From Wikipedia:

Italian Somaliland was returned to Italy in 1949 as a UN Trusteeship and soon switched to the Italian Somaliland somalo, which was at par with the shilling. British Somaliland gained independence in 1960, and joined what had been Italian Somaliland to create Somalia. In that year Somalia began using the Somali shilling (replacing the Somali somalo) at par with the East African shilling. The East African shilling ceased to be legal tender in Somalia during 1961. Ethiopia regained independence in 1941, with British support and began using the East African shilling.

Eritrea was captured from the Italians in 1941, and began using the East African shilling, as well as the Egyptian pound, with the lira demonetized in 1942. When Eritrea formed a federation with Ethiopia in 1952, the birr, which was already in use in Ethiopia, was adopted in Eritrea.

In 1951, the East African shilling replaced the Indian Rupee in the Aden colony and protectorate, which became the South Arabian Federation in 1963. In 1965, the East African Currency Board was breaking up, and the South Arabian dinar replaced the shilling in the South Arabian Federation at a rate of 20 shillings to 1 dinar. The Federation was abolished when it gained independence along with the Protectorate of South Arabia as the People's Republic of South Yemen on 30 November 1967.
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<k>

Uganda 5c 1966-.jpg





Uganda 1s 1966-.JPG


Uganda gained independence from Britain in 1962. Its subsequent coinage designs show the influence of the East African designs.

See also: Coins with the denomination on both sides.
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<k>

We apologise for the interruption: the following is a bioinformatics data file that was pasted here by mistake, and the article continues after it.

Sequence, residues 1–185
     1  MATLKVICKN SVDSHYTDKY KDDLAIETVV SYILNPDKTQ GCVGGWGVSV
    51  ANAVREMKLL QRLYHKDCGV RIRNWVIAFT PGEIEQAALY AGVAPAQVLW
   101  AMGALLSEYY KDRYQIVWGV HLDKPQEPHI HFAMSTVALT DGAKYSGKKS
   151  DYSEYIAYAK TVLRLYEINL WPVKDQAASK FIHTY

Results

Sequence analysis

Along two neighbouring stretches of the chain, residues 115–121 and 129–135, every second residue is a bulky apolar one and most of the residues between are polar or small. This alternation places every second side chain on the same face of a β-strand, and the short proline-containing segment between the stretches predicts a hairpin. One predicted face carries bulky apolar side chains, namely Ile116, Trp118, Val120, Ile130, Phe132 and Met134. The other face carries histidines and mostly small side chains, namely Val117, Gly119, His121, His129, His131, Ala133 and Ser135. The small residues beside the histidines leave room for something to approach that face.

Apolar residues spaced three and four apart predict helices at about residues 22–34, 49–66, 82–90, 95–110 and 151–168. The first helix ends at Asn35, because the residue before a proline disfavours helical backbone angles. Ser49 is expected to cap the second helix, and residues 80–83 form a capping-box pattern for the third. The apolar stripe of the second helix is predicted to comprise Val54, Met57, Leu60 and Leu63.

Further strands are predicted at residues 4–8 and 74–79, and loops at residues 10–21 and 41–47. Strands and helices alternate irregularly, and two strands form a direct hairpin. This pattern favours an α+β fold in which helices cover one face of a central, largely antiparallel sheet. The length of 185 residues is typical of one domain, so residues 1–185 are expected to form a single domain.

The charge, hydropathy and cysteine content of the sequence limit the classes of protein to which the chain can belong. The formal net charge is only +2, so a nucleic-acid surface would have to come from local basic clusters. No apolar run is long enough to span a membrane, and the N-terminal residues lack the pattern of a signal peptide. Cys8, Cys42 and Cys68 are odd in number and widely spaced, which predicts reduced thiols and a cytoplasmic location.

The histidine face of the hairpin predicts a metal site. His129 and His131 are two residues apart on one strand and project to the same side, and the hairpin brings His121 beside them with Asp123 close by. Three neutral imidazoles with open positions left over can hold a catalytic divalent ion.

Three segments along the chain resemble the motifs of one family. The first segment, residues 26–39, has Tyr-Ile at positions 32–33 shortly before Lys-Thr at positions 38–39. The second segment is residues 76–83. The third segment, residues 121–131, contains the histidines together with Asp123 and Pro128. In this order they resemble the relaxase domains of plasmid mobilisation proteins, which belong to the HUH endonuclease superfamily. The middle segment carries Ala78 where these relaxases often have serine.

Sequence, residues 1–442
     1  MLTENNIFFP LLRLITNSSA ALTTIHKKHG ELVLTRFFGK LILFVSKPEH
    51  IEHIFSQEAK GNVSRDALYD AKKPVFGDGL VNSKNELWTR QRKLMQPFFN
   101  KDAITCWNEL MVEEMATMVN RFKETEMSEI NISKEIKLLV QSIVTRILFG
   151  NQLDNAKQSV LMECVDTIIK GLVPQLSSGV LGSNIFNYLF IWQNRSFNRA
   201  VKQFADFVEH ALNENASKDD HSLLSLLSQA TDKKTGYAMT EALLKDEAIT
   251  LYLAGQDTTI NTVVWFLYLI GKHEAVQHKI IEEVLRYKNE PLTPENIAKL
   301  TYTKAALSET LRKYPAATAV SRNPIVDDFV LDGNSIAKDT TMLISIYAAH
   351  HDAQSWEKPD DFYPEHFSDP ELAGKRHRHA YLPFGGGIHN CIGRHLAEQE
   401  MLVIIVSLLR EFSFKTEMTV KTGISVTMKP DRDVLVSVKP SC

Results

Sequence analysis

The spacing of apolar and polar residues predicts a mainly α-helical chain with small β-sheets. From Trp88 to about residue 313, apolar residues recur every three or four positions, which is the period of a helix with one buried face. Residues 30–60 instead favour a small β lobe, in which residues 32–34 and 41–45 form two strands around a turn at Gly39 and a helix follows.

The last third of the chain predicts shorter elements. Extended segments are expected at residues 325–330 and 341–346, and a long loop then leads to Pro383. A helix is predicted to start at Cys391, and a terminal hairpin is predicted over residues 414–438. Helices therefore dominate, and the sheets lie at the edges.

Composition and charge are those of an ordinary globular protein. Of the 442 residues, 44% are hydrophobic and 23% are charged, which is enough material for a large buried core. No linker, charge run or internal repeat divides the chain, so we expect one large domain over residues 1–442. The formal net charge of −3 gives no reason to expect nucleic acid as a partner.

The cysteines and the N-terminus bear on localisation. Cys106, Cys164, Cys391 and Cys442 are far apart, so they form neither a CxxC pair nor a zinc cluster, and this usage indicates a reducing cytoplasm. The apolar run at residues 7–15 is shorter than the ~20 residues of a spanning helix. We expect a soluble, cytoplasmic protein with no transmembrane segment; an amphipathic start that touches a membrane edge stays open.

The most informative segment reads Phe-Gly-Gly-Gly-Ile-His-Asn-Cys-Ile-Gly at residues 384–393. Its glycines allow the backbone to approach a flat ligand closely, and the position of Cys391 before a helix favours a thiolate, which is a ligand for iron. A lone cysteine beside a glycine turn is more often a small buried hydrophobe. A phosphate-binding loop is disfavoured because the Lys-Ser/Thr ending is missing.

From Wikipedia:

Tanganyika and Zanzibar united on 26 April 1964 to form the United Republic of Tanganyika and Zanzibar. On 29 October 1964, the country was renamed the United Republic of Tanzania.

The new Tanzanian currency was one shilingi (shilling), divided into 100 cents, showing its provenance from the East African currency.
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<k>

Kenya also retained the 100 cents = 1 shilling system after independence.
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<k>

East Africa 5c 1964.jpg


East Africa 5 cents 1964.jpg




The final two issues of the East Africa coinage were the 5 and 10 cents coins of 1964.

Uniquely, these showed the denomination in English and Swahili.
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<k>

So the influence of the East Africa coinage can still be seen today, in the various 'shilling' currencies that are divided into 100 cents. Even the breakaway state of Somaliland uses this system for its collector issues.
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See: The Royal Mint Museum.

<k>

Other anomalies of the East Africa coins: after the dropping of the florin system, the 25 cents denomination was dropped and never reintroduced. Also the legend of 'East Africa & Uganda Protectorates' was changed simply to 'East Africa'. And the only denomination on which the portrait of Queen Elizabeth II appeared was the 50 cents coin, because no shilling coin was issued during her reign, and no portrait appeared on the lower denominations.
Visit the website of The Royal Mint Museum.

See: The Royal Mint Museum.